The Confederation of British Industry has called on politicians to pursue pro-growth, pro-jobs, pro-business agenda, saying that the business vote in the forthcoming election is "up for grabs".
As it unveiled it campaign 'wish list', the employers' organisation said that the next parliamentary session would be vital for the future of British business. And it argued that the UK's infrastructure and skills-base must be improved to combat competitive pressure from China and India.
Director-General Sir Digby Jones said: "I want the voice of business to be at the heart of the 2005 general election. Business is the only wealth creator in our society. UK jobs depend on business succeeding in the UK.
"UK public services depend on the tax paid by UK business. The government of the day must provide the support and conditions firms need to succeed.
"The business vote is up for grabs and deserves to be fought for," he added. "Each political party should pursue a pro-growth, pro-jobs, pro-business agenda."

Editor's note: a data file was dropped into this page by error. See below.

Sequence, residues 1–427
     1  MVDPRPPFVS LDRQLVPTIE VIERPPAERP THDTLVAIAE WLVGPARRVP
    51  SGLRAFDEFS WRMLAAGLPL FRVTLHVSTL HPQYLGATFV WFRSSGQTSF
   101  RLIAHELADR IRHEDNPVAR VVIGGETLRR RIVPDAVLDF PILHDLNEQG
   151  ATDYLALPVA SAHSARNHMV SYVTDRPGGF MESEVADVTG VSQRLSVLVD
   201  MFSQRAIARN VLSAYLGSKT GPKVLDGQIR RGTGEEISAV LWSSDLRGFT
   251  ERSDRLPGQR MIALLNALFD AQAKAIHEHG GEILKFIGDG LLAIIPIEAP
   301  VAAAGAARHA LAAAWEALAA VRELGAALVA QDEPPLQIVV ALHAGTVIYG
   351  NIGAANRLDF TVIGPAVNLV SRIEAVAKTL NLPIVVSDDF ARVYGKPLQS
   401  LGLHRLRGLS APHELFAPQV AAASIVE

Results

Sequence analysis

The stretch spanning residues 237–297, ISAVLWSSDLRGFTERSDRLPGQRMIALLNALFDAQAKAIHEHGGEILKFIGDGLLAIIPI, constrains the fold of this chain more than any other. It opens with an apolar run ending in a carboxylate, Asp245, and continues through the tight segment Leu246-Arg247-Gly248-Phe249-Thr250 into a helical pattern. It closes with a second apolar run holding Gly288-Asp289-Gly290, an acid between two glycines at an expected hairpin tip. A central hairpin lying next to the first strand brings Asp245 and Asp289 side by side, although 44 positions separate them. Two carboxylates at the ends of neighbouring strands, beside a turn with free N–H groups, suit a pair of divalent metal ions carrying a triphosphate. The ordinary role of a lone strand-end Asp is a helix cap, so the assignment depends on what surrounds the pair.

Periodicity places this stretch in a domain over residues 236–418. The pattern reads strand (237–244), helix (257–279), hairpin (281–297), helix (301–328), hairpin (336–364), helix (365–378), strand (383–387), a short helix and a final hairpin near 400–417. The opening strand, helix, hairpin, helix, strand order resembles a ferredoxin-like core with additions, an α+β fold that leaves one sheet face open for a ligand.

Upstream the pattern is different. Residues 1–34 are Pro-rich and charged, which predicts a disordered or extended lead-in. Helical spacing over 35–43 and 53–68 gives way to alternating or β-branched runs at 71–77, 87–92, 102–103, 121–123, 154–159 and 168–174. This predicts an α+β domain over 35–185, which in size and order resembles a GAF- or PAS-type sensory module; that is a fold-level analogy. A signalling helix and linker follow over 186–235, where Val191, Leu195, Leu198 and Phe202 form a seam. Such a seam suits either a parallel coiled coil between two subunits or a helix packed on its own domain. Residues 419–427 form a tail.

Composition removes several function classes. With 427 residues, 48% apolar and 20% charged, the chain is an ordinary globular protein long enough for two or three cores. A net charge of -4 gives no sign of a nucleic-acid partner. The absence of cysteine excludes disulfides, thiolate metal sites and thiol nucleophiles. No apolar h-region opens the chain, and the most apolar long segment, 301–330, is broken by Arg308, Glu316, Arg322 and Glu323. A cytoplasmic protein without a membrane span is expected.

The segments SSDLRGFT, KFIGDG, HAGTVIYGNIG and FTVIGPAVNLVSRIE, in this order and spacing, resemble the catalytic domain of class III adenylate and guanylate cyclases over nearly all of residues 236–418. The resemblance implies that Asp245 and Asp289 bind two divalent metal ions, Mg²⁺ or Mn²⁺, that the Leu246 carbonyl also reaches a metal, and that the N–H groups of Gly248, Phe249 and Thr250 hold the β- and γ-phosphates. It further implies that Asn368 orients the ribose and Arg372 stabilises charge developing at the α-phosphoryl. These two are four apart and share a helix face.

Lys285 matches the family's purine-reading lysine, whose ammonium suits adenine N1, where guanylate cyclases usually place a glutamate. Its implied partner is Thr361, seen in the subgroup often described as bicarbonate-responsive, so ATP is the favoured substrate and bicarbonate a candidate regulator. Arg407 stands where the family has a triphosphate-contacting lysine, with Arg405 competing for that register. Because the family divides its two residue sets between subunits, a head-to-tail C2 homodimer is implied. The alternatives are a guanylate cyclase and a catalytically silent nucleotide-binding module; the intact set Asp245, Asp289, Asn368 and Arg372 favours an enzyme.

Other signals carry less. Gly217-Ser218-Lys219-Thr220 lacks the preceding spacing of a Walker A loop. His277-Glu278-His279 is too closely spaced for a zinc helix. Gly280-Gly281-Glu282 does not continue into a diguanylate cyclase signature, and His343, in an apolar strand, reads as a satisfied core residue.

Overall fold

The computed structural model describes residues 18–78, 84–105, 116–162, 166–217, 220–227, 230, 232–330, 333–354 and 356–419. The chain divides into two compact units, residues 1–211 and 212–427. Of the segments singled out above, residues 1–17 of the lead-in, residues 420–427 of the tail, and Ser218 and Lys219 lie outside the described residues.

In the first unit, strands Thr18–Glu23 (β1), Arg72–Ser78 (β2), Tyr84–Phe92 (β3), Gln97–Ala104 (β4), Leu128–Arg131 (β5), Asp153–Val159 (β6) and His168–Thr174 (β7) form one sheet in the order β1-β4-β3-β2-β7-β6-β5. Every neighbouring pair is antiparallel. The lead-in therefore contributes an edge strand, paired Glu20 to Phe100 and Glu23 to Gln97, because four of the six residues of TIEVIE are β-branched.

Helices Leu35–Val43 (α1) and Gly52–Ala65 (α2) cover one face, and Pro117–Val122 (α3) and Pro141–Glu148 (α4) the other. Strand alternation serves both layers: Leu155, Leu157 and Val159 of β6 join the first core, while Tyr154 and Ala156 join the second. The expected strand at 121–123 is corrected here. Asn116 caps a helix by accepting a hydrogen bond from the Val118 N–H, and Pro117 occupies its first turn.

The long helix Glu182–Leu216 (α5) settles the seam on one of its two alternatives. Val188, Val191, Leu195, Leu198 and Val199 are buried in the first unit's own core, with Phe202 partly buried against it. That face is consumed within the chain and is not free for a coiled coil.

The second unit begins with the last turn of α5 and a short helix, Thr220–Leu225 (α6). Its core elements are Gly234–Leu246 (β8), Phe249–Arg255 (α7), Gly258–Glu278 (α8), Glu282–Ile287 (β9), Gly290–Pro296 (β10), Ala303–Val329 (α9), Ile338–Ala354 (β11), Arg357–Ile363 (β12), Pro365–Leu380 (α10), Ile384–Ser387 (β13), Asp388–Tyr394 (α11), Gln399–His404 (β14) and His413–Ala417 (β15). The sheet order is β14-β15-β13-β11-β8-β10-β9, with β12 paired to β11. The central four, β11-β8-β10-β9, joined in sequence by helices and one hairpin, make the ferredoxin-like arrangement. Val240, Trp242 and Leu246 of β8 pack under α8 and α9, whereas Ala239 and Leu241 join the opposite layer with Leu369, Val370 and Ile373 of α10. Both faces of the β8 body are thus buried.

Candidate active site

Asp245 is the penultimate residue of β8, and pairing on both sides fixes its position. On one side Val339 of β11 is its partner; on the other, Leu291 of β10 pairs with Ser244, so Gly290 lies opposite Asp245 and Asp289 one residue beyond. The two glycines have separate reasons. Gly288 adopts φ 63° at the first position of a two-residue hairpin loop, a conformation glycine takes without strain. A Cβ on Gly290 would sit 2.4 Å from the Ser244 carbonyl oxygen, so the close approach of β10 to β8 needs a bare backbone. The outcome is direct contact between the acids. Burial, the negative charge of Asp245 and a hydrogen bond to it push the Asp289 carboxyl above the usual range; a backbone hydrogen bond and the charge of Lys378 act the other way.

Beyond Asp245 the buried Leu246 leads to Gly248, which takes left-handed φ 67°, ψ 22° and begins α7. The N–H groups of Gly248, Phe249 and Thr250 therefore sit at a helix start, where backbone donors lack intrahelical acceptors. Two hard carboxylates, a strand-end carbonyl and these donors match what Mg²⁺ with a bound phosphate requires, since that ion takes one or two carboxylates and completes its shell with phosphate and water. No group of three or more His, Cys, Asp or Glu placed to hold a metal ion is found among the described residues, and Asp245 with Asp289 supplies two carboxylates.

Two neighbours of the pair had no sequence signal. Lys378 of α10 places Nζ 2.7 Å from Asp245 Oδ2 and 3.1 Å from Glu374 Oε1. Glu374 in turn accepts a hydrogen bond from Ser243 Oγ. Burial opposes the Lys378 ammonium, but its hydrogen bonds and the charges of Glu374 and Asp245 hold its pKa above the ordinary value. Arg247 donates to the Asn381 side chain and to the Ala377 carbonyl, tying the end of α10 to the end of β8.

In its Business Agenda, which lays down the action needed to maintain the long-term competitiveness of the UK economy, the CBI urged the next government to look beyond the immediate four-to-five-year election cycle and provide sustained, long-term investment.
It called for at least £300bn of public and private investment needed to be made in the UK's transport infrastructure over the next decade and 2.5 per cent of GDP to be spent on research and development by 2014.
It was also crucial that significant investment be made in improving the basic skills of 15 million adults.
On the vexed question of red tape, the Business Agenda called for each political party to publish a business impact assessment alongside their election commitments and demanded that the UK be protected from the damage that would be caused by European Directives on working time and agency temps.
It also argues for a reduction in the business tax burden, a new fiscal 'Golden Rule' to prevent public sector spending exceeding 40 per cent of GD and urges government to implement the recommendations of the Gershon and Lyons Reviews to improve public sector efficiency and productivity.
"The next government must remove barriers to economic success, not create new ones," Sir Digby said. "Wealth creation and entrepreneurships has to be encouraged."